Networking plays an important role when you’re a freelance trainer.

Working for yourself can be isolating, even if you’re someone who’s happy with their own company. We all need to find ways to connect with a wider community. Networking is a powerful way to find peers, supporters and referrals.

You’re not alone if the thought of networking brings you out in a cold sweat though.

I’ve put this guide together as a ‘how-to’ guide for successful, enjoyable networking (yes, it is possible!).

With this advice, I hope you’ll be able to build a strong, thriving network that helps you take your freelance training business from strength to strength.


Why freelance trainers need a support network

Any freelancer who works alone needs a support network. It’s vital to have people you can call on to talk about your feelings, experiences and ideas.

Although your friends and family will play an important role, it helps to have a circle of trainers you can turn to. These people will understand the highs and lows of freelance training and may be able to offer unique insights into the challenges you’re facing. You’ll also be able to share your successes with each other and generally be mutual cheerleaders.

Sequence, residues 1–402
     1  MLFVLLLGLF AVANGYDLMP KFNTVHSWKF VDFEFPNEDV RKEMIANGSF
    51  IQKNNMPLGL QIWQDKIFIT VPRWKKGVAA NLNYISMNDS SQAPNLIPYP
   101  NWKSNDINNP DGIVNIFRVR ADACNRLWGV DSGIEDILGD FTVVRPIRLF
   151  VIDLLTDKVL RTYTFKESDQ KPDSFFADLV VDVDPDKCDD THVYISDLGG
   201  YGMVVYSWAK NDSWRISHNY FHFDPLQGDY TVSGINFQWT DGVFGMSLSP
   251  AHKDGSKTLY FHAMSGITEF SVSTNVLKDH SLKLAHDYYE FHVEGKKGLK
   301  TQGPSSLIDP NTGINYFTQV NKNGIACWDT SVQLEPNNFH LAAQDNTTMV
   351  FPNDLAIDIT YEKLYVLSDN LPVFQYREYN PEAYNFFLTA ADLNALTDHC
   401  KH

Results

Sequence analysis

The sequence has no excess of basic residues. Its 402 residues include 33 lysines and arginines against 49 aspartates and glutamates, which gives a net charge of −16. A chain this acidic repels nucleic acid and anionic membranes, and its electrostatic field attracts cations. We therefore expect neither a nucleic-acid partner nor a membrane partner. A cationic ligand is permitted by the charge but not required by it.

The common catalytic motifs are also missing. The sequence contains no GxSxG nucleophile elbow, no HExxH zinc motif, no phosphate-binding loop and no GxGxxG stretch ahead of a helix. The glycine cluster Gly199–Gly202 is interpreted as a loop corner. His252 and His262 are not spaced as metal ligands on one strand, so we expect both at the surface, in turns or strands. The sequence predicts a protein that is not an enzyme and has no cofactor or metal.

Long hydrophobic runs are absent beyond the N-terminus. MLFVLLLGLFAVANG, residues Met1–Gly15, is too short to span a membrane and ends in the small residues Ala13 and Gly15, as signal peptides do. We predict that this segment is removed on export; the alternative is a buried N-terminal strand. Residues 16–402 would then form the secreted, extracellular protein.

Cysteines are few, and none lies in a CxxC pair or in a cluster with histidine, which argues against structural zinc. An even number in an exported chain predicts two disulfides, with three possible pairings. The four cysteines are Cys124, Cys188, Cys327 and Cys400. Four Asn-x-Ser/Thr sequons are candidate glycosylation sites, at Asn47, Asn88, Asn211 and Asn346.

"The richest people in the world look for and build networks. Everyone else looks for work." Quote by Robert Kiyosaki

Where to find support

There are a huge number of networking options out there. Different things work for different people so it’s up to you how to create your own support network.

Opportunities for networking and support can be found on- and offline. You could find a mentor, join a small mentoring group, go to a networking group, or network on social media. The choice is yours.

Why not try the following?

You might find the following blogs helpful for more ideas:


What you need to know about effective networking

The number one secret of effective networking is having a plan.

There’s no point going to a networking event if you don’t know what you want to achieve from it. Also, steer clear if you’re not likely to be able to connect with potential clients. Instead, it’s best to research where your target market is likely to network.

In my experience, it’s better to spend £200 on a ticket for a conference aimed at your sector than to spend £10 a week networking at a local breakfast meeting where no-one needs trainers.